Similar to the consumption credits, these implementation credits are also proportional to the size of the implementation/migration that will occur.  Because of this, it is critical that the hyperscaler receive a level of depth/understanding surrounding the size of implementation as part of the solicitation process.  This will not only allow for the positioning of an appropriate implementation credit, but also prevent gaps and limit risk during the course of the implementation itself.

Other Incentives

While consumption credits and implementation credits are the most straightforward ways for hyperscalers to impact TCO during the course of a migration to the cloud, hyperscalers are coming up with additional, creative ways in an attempt to tip the balance in their favor during an evaluation process.

The below are a few different additional means that hyperscalers can use to add more value.  This list is by no means exhaustive, as hyperscalers will leverage the breadth of their knowledge and existing relationship to add sweeteners during the negotiation process.

  • Consulting Credits – Beyond the scope of the implementation at hand, hyperscalers may offer consulting credits to help support other project-related work within the customer’s organization. These credits are often a means for the hyperscaler to open the door to additional avenues of work, as these consulting needs often will involve additional cloud utilization.
  • Support Percentage Reduction – When pressed in a competitive evaluation effort, hyperscalers may offer to reduce the hyperscaler support costs via a reduction in the support percentage. Microsoft establishes this percentage in its Unified Support Agreement, which fixes the calculation of support by a percentage of spend with Microsoft.  Customers can see Microsoft’s offer to reduce this Unified Support percentage, as an additional value-add within the scope of the negotiation.  Google may offer a similar incentive, allowing for the reduction of the support percentage in its Premium Support agreement.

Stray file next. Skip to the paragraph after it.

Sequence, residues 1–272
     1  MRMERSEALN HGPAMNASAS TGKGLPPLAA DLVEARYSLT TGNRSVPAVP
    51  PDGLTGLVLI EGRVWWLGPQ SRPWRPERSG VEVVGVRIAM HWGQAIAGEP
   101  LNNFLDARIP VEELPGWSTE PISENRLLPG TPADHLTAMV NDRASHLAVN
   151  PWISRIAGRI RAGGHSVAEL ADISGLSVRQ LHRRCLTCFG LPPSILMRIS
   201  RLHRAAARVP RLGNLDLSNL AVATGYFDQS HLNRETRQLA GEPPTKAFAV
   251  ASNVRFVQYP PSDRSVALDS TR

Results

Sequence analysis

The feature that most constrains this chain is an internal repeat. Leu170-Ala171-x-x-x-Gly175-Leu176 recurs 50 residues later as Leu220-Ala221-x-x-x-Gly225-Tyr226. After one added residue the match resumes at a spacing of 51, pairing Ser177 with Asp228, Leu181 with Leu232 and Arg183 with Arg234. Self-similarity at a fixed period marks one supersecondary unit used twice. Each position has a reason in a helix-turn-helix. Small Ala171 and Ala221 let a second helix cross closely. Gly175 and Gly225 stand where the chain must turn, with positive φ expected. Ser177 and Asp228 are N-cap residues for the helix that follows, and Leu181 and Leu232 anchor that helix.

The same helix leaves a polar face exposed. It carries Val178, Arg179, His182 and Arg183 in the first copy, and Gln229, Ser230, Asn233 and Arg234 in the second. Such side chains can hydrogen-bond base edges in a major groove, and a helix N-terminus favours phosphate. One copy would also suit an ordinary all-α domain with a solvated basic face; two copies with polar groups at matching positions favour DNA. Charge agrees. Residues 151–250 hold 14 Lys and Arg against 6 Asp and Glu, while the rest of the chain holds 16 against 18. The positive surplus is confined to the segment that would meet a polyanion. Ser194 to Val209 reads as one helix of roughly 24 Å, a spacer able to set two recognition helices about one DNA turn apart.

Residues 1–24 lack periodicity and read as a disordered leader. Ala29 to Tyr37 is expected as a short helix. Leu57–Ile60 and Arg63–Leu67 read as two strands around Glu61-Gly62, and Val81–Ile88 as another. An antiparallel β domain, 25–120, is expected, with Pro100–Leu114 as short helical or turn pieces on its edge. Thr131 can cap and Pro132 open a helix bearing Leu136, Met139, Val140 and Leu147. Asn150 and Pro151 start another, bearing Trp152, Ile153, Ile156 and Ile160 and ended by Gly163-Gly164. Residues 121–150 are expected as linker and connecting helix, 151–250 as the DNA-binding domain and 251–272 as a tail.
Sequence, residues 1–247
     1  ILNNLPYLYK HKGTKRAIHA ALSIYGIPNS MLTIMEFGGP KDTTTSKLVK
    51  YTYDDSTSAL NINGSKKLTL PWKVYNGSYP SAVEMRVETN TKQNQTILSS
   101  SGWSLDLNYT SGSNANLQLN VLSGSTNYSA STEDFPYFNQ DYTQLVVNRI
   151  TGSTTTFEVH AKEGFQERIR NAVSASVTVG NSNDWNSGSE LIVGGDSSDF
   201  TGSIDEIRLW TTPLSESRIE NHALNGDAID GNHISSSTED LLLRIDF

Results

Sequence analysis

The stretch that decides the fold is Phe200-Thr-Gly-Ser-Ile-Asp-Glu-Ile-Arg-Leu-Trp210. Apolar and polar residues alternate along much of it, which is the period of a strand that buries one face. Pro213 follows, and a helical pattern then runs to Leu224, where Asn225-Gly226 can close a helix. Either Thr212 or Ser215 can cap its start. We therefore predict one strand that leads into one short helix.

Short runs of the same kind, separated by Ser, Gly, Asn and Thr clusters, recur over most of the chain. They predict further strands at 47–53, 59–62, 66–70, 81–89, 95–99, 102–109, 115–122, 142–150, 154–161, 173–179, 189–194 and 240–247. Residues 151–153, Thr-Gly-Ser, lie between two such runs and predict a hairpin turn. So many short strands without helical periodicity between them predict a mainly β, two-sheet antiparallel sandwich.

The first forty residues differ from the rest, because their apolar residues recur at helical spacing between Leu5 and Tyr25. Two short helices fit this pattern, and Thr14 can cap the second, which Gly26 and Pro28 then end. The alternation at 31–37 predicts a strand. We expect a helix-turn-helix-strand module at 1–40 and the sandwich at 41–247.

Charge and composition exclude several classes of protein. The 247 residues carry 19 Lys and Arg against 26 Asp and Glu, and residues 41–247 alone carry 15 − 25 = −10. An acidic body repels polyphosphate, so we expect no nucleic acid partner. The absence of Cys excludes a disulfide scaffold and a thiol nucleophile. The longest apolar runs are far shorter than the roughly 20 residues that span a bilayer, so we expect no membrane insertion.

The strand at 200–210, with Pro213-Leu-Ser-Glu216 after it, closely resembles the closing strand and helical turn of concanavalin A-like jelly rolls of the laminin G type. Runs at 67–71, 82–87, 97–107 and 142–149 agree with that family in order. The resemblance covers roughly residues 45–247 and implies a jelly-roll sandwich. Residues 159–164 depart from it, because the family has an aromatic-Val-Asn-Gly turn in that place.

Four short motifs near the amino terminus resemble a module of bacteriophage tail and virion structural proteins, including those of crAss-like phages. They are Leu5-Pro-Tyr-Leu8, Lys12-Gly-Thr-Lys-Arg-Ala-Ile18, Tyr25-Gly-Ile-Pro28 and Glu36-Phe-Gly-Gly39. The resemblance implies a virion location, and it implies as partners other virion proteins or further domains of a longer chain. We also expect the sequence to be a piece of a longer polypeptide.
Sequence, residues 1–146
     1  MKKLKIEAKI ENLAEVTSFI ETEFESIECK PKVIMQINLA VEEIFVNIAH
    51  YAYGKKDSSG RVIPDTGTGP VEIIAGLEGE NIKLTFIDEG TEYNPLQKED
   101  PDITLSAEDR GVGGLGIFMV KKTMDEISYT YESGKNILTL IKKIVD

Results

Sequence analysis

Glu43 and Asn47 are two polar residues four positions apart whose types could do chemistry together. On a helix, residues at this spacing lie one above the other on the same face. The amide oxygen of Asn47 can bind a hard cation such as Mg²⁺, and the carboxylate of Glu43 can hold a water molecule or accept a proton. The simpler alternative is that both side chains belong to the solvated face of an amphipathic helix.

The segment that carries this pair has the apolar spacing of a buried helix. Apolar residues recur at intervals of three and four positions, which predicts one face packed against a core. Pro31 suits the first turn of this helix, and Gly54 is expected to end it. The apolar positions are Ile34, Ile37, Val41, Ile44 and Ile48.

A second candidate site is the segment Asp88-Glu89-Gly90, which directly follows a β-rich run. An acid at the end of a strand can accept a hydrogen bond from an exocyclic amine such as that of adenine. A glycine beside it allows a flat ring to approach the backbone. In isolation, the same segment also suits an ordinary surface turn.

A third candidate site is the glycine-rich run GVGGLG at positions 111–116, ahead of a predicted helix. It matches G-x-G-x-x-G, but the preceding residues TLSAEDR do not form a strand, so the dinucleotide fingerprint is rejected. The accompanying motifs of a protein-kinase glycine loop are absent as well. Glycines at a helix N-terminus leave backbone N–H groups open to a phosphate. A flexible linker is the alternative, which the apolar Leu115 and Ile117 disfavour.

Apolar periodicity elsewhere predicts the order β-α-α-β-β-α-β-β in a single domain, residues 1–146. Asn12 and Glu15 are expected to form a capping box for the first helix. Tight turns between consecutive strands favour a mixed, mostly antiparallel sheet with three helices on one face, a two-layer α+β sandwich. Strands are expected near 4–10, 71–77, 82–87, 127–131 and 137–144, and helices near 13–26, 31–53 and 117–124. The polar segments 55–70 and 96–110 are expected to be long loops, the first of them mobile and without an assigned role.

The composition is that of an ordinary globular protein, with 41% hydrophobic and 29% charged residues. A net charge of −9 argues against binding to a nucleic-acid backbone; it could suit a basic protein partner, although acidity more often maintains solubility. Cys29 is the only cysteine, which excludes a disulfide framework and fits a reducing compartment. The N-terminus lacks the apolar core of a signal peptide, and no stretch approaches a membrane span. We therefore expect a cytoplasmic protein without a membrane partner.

• Hybrid Use Benefits (Microsoft Only) – Microsoft is uniquely positioned in the hyperscaler market, given its widescale productivity, database and server platform technology. Microsoft leverages this position by offering the Hybrid Use program.  This program allows companies with existing on-premise Windows Server and SQL licenses with active Software Assurance to bring these licenses to Azure.  This allows for customers to avoid repurchasing these licenses and instead, shift the usage directly into Azure.

SQL Server and Windows Server Standard may be used on-premise or in Azure, but not concurrently.  Microsoft offers a window of 180 days for concurrent use to allow for migration of server workloads from an on-premise datacenter to Azure.  Windows Server Datacenter licenses can be used concurrently in both on-premise and Azure.

See Our Hyperscaler Resource Center

Customer Takeaway

When evaluating a potential hyperscaler for your enterprise, it is critical to understand the commitment discounts as well as any credits and incentives that the hyperscaler may position.  You should also be sure to review how the key commercial terms are different between each provider.

Understanding these components, as well as how they interact and affect each other, is necessary to ensure that you are receiving the right balance of discounts, credits and incentives that bring down short-term and long-term total cost and protect your company from undue and unnecessary financial risk.